The immune system of invertebrates and vertebrates

  • Du Pasquier L
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All Metazoa need some sort of system to protect their individuality. Recognition of allopolymorphisms and of foreign substances is universal. However, the molecular mechanisms underlying their function are not necessarily conserved. A great variety of mechanisms has been generated from Porifera to Chordata. Several mechanisms mediating innate immunity can be conserved from protostomian to vertebrates but no convincing cases of specific memory nor clonal expansion, nor of somatic generation of repertoire of receptors have been detected in any invertebrate phylum. The generation of an adaptive immune system is seen within vertebrates. It seems to have occurred somewhat abruptly in the direct ancestors of jawed vertebrates. This scenario stems from the analysis of the sequence of the components of the immune system and from linkage studies. Clearly, molecules resembling Ig, or TCR were present in invertebrates before the somatic rearrangement was introduced. Once created, the system with its T-cell receptors, immunoglobulins and major histocompatibility complex did not evolve much. 'Complexfication' is seen at the level of lymphoid organs that seems to result, in mammals, in a better way of exploiting the different somatic mechanisms (somatic mutations, isotype switch) that allow an improvement of the response with time after immunisation.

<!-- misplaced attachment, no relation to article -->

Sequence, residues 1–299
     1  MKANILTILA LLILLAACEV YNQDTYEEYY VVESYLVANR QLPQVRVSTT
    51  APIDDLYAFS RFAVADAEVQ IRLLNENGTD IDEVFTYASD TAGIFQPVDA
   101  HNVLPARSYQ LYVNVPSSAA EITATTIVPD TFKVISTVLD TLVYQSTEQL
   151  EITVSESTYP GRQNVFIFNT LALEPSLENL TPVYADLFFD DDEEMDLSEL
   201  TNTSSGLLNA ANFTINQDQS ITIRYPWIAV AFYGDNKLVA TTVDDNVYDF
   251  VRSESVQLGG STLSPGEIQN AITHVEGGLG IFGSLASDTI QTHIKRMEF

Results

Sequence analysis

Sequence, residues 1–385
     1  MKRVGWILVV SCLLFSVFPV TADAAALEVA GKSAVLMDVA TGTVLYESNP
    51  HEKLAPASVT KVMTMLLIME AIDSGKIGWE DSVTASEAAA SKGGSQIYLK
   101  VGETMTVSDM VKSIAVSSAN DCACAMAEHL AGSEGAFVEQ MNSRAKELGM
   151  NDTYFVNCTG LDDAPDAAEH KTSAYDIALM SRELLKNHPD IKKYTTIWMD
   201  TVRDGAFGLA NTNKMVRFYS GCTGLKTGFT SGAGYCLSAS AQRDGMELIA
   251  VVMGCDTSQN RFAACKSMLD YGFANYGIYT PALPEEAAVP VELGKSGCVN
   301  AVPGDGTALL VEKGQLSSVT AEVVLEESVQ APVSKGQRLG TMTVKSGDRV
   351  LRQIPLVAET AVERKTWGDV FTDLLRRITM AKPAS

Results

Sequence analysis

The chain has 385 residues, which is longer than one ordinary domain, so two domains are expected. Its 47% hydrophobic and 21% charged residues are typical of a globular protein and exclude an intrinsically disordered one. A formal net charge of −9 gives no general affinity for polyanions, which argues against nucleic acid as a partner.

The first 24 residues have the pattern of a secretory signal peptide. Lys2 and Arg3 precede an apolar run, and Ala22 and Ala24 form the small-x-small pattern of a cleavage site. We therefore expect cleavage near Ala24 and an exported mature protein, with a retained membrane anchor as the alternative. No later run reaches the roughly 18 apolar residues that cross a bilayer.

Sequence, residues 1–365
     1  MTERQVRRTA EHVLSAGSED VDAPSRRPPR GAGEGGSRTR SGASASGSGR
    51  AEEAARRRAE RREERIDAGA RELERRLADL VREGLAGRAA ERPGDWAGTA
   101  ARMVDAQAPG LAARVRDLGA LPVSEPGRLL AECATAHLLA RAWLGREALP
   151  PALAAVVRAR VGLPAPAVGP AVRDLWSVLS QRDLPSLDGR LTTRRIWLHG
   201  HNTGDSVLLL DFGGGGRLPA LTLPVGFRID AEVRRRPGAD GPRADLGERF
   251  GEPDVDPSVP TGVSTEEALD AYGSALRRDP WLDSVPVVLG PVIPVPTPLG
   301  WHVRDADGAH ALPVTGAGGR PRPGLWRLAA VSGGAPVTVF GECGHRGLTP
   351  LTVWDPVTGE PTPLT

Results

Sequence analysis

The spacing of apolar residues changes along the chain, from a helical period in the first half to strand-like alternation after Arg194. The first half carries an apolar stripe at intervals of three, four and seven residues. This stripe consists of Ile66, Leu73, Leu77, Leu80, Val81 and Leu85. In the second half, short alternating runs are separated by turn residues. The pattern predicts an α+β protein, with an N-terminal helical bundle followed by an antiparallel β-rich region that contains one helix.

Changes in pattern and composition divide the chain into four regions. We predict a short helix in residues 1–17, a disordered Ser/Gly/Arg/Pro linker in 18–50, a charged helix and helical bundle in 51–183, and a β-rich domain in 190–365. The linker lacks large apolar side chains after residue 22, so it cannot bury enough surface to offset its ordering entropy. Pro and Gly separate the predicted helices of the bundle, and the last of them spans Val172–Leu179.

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  • Louis Du Pasquier

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